After a winding ride up the mountain, I was deposited at the Victoria Peak complex and met with a thick bed of fog that blanketed the entire city in white. Turns out, there was no need to be so afraid of heights.

[Photo Credit: Jessica Marati]

Budget Hong Kong” chronicles one writer’s efforts to authentically experience one of the world’s most expensive cities, while traveling on a shoestring. Read the whole series here.

Budget Hong Kong: Journey To The Past At The Hong Kong Museum Of History

hong kong history

The Hong Kong Story,” a permanent exhibition at the Hong Kong Museum of History, isn’t your standard collection of artifacts. Chronicling more than 6,000 years of natural and cultural history, the massive exhibition occupies eight galleries across nearly 23,000 square feet, with more than 3,700 static and interactive exhibits. The endeavor took more than six years and HK$200 million (US$25.8 million) to complete. And with admission at just HK$10 (US$1.30) per person, it’s a bargain way to brush up on your Hong Kong history, while beating the oppressive afternoon heat.

%Gallery-174071%The exhibition begins with a look at Hong Kong’s natural environment, examining the landforms, flora and fauna that make the territory unique. A full-scale forest recreation showcases the massive trees that have since been replaced by skyscrapers, along with sound bites from the island’s indigenous birds and animals.

The next gallery displays artifacts from prehistoric Hong Kong, with stone tools and pottery dating back more than 6,000 years. From there, guests are led to the third gallery, on Hong Kong’s majestic early dynasties, which grew with influence from mainland China.

The fourth gallery, on Hong Kong folk culture, highlights the customs of Hong Kong’s four traditional ethnic groups: the Punti, the Hakka, the Boat Dwellers and the Hoklo. A highlight is a full-scale recreation of the Taiping Qingjiao ceremony, complete with a 54-foot “bun mountain,” a Cantonese Opera theatre, a parade, a lion dance and a Taoist altar.

The fifth gallery is a slightly more sobering look at the Opium Wars, which led to the cession of Hong Kong to Great Britain. The causes and consequences of the wars are examined through documentation, timelines and an informative film. From there, guests can explore the growth of Hong Kong as a modern city under British rule, with its teahouses, banks, tailor shops, pawn shops and other urban structures.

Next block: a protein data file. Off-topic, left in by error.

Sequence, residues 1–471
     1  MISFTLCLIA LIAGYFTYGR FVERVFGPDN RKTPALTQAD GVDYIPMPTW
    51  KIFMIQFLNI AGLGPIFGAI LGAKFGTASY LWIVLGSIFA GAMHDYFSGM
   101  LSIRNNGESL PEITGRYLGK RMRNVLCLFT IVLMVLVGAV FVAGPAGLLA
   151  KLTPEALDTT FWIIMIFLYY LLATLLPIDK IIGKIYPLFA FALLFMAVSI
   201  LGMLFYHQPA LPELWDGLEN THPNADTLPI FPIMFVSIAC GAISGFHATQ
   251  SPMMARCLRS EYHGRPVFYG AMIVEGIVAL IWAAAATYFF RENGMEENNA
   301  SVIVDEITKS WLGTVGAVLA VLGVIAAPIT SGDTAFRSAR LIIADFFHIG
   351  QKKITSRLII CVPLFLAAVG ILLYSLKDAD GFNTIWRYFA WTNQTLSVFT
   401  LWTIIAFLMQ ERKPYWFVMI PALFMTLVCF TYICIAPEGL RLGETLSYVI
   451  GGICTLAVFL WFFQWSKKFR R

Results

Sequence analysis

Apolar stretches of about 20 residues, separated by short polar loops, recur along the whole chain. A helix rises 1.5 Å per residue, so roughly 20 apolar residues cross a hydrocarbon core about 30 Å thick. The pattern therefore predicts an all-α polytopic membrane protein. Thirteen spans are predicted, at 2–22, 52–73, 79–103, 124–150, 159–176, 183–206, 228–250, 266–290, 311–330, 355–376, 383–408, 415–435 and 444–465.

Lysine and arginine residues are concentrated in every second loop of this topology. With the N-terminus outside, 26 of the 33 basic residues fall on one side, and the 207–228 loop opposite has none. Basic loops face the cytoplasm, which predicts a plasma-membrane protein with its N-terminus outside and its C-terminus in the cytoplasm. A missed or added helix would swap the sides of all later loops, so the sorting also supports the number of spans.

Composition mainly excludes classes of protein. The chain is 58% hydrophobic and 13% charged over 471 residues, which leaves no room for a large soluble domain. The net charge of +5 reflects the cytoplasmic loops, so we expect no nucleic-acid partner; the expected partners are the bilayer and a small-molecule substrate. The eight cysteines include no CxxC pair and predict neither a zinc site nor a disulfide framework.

The seventh gallery takes a brief look at Hong Kong during the World War II Japanese military occupation. Like in other parts of the Pacific, Hong Kong suffered heavily during the three-year-eight-month period. The propaganda video and audio clips are particularly fascinating.

Finally, visitors are introduced to the development of the modern metropolis of Hong Kong in the years following World War II. The gallery includes reconstructions of a 1960s diner-style herbal tea shop, a modern cinema and exhibits from the Hong Kong trade fair, showcasing the development of Hong Kong’s manufacturing industry. With hundreds of modern artifacts and memorabilia, this exhibition has broad appeal, even for non-history buffs.

The Hong Kong Story closes with a showcase of documents related to Hong Kong’s return to China in 1997 – as well as a reminder on the final placard that the city’s story is far from over.

The Hong Kong Museum of History is located on Chatham Road South in Tsim Sha Tsui. Admission is HK$10 (US$1.30) for adults and HK$5 (US$0.65) for students, seniors and the disabled. On Wednesdays, admission is free.

[Photo Credit: Jessica Marati]

Budget Hong Kong” chronicles one writer’s efforts to authentically experience one of the world’s most expensive cities, while traveling on a shoestring. Read the whole series here.

Budget Hong Kong: Renting A Room At The Notorious Chungking Mansions